The points you make need to be backed up by evidence. The evidence you use will depend on your subject, but it may include findings from research studies, facts and statistics, or interpretations of texts.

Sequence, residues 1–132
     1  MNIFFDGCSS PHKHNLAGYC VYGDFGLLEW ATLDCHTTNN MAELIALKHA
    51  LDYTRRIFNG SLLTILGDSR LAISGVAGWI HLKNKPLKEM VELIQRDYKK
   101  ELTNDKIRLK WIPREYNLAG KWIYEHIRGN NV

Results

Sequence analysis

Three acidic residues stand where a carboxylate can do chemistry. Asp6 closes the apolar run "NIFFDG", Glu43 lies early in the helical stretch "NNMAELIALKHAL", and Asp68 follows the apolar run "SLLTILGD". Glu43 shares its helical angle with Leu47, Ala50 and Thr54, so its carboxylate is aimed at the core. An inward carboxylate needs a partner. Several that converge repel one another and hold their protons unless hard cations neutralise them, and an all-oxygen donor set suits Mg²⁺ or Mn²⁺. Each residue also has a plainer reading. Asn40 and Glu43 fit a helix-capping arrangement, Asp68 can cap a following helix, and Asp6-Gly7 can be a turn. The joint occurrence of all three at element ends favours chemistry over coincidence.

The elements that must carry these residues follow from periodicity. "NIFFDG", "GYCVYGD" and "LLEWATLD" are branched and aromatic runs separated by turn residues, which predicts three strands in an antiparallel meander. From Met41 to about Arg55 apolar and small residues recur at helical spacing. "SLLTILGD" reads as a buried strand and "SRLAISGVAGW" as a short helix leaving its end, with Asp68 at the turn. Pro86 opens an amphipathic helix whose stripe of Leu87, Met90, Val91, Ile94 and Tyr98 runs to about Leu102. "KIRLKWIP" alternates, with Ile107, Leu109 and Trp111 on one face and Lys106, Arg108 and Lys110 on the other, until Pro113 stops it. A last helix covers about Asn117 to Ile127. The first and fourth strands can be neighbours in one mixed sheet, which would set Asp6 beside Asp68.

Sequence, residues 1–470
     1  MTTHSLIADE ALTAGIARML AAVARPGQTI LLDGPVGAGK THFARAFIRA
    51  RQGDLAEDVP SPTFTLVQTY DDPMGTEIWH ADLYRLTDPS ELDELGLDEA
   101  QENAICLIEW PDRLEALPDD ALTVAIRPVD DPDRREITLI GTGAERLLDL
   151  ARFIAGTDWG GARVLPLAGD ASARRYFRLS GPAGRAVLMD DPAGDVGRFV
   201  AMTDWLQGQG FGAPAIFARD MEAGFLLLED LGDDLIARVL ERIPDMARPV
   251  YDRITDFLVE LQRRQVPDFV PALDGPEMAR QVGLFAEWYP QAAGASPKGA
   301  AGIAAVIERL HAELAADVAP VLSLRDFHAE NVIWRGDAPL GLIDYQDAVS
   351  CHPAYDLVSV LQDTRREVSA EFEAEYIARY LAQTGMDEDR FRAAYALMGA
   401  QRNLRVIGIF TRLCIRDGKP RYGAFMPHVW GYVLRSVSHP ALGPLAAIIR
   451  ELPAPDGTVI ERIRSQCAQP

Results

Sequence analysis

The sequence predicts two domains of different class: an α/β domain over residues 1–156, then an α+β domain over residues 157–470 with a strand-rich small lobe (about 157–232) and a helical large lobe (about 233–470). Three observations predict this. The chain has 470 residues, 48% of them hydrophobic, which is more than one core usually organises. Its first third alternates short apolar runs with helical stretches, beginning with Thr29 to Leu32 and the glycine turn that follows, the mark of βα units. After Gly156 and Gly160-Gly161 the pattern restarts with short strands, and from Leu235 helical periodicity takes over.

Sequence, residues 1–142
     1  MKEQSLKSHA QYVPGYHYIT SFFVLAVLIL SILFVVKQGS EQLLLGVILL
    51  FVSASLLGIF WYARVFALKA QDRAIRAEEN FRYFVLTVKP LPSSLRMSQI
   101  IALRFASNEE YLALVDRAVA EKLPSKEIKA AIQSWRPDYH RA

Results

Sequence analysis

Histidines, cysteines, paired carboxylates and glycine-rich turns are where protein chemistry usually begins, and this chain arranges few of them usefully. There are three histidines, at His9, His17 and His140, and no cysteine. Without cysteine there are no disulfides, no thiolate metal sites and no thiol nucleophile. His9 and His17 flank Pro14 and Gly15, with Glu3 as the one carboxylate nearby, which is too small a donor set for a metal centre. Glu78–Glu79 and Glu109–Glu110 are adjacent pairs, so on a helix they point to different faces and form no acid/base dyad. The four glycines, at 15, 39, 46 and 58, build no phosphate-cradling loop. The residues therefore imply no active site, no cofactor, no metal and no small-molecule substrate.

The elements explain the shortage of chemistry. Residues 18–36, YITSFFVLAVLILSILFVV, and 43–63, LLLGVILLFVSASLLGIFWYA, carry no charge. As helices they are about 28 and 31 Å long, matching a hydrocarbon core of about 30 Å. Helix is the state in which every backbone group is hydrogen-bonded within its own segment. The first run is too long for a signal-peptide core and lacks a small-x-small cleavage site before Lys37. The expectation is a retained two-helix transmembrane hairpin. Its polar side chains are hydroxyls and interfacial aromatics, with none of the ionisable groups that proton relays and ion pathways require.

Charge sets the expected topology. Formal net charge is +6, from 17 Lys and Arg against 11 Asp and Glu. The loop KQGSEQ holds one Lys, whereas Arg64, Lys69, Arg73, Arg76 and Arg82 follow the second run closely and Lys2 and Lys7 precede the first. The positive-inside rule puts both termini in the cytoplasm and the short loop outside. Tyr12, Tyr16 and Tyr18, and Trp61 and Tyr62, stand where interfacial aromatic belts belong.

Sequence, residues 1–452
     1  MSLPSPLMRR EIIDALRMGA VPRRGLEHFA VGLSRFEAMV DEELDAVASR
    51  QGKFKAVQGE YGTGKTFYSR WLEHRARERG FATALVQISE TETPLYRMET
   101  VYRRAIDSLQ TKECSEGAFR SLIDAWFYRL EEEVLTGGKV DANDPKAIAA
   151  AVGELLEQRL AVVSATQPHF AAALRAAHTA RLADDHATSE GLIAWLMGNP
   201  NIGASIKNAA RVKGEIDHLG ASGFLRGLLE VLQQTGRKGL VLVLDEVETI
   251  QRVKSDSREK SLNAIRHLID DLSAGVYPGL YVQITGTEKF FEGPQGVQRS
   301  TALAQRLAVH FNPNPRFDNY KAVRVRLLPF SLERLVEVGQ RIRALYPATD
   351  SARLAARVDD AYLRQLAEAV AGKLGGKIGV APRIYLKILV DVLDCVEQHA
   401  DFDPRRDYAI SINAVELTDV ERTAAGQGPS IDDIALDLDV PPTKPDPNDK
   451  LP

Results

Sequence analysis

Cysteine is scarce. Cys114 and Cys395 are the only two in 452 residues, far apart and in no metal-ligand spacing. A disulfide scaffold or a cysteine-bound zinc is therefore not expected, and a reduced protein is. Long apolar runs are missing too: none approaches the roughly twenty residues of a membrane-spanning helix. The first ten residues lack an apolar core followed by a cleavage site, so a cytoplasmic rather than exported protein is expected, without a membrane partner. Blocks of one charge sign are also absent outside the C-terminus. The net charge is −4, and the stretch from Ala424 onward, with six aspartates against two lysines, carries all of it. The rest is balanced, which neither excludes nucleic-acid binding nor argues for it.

Researchers often distinguish between primary evidence and secondary evidence. Primary evidence is first-hand or original sources such as photographs, results from an experiment or survey you have conducted, or a literary text. Secondary evidence is something that has been processed or interpreted by someone else, such as an article on a literary text, or other people’s research findings. Evidence is never unbiased; for example the ways in which the evidence has been collected, interpreted, and used can all influence how valid it is. Therefore, it is good to approach all evidence with some scepticism and a questioning outlook.
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